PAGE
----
Sessions can be booked online or by telephone. If there isn’t something available online, call the office at 604-984-1744. All sessions adhere to Canada’s counselling confidentiality agreement. “Check us out and see whether this is something for you,” Lam encourages. Additionally, there are self-directed resources online through CapU Counselling.

However, CapU Counselling breaks over the winter as well as sporadically throughout the summer, meaning students must work around the limited hours available and may have to plan for weeks, if not months, without sessions.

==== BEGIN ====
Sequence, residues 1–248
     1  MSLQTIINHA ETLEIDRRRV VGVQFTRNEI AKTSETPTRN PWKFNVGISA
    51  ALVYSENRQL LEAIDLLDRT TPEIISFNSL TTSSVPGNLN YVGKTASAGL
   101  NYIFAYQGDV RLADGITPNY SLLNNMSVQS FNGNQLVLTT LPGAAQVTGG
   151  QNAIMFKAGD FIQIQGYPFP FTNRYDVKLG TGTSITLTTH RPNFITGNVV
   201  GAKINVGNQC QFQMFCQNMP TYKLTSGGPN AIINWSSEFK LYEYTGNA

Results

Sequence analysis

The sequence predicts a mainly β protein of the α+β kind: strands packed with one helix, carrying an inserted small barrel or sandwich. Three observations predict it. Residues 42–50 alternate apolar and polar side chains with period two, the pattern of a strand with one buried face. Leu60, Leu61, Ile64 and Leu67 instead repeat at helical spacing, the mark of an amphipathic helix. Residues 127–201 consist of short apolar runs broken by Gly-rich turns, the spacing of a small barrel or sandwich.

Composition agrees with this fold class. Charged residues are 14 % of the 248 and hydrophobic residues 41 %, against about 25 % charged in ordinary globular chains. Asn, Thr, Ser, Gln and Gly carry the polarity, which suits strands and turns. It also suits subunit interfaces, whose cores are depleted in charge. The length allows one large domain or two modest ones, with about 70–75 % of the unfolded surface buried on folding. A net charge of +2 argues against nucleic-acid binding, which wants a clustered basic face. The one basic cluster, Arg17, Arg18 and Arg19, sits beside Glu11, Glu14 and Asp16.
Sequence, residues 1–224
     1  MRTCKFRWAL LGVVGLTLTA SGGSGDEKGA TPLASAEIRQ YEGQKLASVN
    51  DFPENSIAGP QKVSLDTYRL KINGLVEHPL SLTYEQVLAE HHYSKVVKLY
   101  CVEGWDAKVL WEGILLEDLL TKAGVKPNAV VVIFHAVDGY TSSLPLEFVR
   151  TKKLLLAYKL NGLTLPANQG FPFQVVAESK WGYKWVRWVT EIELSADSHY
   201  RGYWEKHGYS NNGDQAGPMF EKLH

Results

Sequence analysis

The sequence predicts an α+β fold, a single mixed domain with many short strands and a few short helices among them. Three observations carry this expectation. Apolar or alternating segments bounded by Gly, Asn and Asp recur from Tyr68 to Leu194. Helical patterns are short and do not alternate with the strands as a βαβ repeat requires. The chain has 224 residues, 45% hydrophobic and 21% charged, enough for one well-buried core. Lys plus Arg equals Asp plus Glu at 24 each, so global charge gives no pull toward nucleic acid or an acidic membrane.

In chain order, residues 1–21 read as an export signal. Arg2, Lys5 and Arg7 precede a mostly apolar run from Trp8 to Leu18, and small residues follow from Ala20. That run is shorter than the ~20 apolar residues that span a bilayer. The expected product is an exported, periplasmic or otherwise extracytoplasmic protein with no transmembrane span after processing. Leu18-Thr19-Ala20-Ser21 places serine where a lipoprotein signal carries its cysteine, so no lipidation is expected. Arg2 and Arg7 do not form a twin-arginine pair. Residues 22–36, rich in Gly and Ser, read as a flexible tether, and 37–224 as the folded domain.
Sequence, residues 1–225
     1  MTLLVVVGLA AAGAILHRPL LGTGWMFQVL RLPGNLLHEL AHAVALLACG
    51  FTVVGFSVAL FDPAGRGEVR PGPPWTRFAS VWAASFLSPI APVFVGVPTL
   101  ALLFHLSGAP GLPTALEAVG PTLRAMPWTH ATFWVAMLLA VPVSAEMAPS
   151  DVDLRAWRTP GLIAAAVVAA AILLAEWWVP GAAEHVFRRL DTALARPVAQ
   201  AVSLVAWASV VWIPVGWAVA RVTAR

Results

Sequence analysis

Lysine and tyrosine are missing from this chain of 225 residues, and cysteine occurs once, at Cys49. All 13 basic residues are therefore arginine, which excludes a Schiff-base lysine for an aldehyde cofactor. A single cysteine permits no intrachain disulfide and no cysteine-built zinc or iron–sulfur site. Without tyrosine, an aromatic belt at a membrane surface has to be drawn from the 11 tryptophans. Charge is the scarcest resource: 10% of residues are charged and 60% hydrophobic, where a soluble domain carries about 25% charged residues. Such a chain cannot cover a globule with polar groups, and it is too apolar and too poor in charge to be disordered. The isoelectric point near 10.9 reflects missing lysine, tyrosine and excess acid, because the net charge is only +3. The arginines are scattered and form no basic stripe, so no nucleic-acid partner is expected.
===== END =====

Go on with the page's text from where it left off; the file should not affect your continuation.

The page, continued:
Another avenue is Dialogue, a virtual care and well-being platform that offers a variety of telehealth services included in the student healthcare plan. I could not find specific information detailing what is offered to CapU students on their website. It took me 15 minutes to make a Dialogue account and another 15 minutes to fill out their mental health intake form. The soonest available appointment was two and a half weeks away. A few days later, I filled out the intake form again to see if I could get an appointment sooner. I was told someone would be calling me shortly on my laptop to discuss options, but was then alerted that their wait times were longer than usual. No time frame was given, and I had a meeting to get to. The Dialogue support team informed me via email that they would give me a call for about 15 minutes to understand my situation better and then refer me to the appropriate professional on the platform based on the context and my symptoms. They also said there are four sessions allotted per case, with an unlimited number of cases.